Face To Face (1967)


Bil’s rating (out of 5): BBBB.  

Italy/Spain, 1967.  Produzioni Europee Associate, Arturo González Producciones Cinematográficas.  Story by Sergio Sollima, Screenplay by Sergio Donati, Sergio Sollima.  Cinematography by Rafael Pacheco.  Produced by Alberto Grimaldi.  Music by Ennio Morricone.  Production Design by Carlo Simi.  Costume Design by Carlo Simi.  Film Editing by Eugenio Alabiso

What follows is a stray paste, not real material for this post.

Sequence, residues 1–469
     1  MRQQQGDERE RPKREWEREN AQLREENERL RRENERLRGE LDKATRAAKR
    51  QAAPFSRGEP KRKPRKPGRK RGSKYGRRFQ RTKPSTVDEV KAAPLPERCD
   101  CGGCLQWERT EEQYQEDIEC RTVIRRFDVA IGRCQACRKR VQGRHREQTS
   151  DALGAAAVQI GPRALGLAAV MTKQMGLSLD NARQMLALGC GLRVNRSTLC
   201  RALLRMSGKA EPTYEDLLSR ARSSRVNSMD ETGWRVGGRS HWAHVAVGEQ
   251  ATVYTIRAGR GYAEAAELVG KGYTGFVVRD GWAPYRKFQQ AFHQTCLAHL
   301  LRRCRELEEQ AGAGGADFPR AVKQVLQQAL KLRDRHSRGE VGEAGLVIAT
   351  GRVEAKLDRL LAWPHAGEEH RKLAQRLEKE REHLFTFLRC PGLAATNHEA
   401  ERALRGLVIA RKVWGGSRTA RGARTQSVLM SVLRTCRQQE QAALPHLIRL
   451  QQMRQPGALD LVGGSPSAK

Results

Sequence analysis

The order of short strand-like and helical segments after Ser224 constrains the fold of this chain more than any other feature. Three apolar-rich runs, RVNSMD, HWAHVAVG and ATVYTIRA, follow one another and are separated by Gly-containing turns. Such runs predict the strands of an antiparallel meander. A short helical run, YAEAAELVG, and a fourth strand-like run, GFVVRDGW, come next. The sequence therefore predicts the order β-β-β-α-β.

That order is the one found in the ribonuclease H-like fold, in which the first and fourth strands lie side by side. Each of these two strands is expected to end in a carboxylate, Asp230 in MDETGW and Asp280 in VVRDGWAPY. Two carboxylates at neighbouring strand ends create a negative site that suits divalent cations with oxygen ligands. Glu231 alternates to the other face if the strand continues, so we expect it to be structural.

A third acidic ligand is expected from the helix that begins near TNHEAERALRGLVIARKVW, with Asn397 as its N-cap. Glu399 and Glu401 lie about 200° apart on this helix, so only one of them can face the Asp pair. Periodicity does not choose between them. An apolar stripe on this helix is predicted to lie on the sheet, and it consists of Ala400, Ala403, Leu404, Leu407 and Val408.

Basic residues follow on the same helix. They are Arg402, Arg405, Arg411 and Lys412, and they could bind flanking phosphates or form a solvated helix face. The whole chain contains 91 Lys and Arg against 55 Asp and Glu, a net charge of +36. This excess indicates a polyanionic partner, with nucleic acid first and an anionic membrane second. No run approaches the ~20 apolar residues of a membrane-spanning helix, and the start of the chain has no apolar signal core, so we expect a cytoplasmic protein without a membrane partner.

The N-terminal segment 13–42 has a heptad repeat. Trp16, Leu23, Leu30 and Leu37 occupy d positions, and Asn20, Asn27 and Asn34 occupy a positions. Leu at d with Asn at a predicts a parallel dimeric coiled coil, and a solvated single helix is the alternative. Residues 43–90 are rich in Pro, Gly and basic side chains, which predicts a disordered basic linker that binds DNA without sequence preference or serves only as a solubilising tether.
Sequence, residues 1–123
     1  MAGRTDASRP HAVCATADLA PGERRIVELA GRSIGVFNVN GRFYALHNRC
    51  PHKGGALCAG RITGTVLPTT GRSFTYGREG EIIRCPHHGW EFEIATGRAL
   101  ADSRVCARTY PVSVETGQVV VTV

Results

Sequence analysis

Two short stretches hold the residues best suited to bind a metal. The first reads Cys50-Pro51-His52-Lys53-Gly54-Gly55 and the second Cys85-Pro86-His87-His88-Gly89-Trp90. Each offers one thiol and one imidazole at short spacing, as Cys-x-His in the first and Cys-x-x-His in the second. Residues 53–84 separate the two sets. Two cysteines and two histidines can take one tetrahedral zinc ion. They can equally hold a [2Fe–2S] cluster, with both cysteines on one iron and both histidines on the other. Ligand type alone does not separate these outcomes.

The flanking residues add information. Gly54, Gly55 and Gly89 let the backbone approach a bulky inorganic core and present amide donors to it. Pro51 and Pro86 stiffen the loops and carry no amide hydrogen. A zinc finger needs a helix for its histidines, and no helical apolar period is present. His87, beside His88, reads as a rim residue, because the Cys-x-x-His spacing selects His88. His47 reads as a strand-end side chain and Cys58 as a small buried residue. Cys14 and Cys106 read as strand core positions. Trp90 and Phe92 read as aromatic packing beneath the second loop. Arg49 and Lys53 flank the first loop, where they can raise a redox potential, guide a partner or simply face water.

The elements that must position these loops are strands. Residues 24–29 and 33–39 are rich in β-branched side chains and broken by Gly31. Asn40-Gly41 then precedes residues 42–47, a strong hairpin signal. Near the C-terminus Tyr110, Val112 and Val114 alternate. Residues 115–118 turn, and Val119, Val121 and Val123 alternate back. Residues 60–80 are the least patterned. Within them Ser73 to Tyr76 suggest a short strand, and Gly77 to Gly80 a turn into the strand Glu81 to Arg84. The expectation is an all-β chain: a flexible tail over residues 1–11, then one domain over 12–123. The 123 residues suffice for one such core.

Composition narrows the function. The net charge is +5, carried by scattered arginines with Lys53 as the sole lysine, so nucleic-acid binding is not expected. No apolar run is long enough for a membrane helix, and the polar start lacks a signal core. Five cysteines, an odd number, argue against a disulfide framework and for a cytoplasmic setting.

Gian Maria Volonte plays a mild-mannered professor who leaves the east coast to head to the dry climate of the west for his health. While sunning himself on a restful afternoon, he witnesses authorities transporting a dangerous criminal (Tomas Milian) and a scuffle soon follows that results in Volonte being taken hostage and dragged across the parched, dry country by the brigand. As their violent encounters and near misses with Pinkerton guards continue, Milian finds himself intrigued by this intellectual pacifist who was debating theories of violence and war with his students back home but is now mired in situations of pure violence and survival that are far removed from the Civil War happening on the other side of the country. Volonte gradually loses his belief in civility and order and eventually switches places with his companion, becoming an evil mastermind obsessed with control over those less brutal than himself. Seen as a commentary on the rise of Italian fascim, this colourful spaghetti western scores highly even if you aren’t interested in it as an allegory. Director Sergio Sollima keeps the action going while emphasizing gorgeous backdrops to complement the gunfire, provoking the story’s movements through some eccentric twists with remarkable ease.

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